The recent incident related to the detention, alleged assault and deportation of a British Buddhist practitioner leaves behind many questions and concerns; even as the victim of Police incompetency and equivocal law implementation has by now left the country. Over and over again, the past few years have witnessed a growing fanatic extremism in Lanka, which is overwhelmed by chauvinistic Buddhist fundamentalism and psychoses of sorts thereupon derived.
We are a nation where a fundamentalist Buddhist Organization with alleged backing of strong governmental proxies can walk into any public or private space and create mayhem and hurl abuse at whomever they prefer to their heart’s content – and impart a “freeze” effect on the Police Department who are otherwise quite concerned about the “national security” and the “peace” even when someone sneezes out loud. These Extremist thugs can without any preamble assault priests and laymen of any religion, any social organization and a person of any walk of life. A case that was heard in relation to a Bodhu Bala Sena assault on a Church in Pannipitiya – a headline making assault – recently turned a verdict that acquitted the accused from charges made against them.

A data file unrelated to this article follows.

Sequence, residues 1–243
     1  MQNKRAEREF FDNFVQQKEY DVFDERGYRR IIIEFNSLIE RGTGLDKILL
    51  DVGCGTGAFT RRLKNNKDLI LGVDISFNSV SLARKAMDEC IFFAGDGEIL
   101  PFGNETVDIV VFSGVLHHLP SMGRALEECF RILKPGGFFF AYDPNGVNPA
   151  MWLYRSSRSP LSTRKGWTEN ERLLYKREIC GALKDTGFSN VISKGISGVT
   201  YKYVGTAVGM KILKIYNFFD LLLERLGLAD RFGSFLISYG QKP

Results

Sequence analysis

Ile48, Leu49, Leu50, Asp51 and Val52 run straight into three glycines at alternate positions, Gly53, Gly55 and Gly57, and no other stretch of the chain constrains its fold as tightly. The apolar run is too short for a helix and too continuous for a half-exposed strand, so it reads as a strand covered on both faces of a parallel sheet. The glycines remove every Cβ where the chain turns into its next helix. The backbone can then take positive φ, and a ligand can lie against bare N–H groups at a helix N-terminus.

The “Halal crisis”, which sent terror waves across the Lankan Muslim community as well as the commuters belonging to all communities between 2011-2013 came to an unceremonious, but ambiguous close, as the government itself was found split (and therefore without a clear design) as to how that disruption should be handled. Within the government ranks, there are those who are alleged to strictly feed on ethno-religious fundamentalism, and others who are more privy to existing pressures and the diplomacies and dissentions of a global political world. But, as to whether there are many who genuinely have in their minds the welfare of the people’s rights (as opposed to the “rights” of the political class and its sweet-toothed proxies) is a riddle; but, one that is not as difficult as the Gordian Knot, one may add.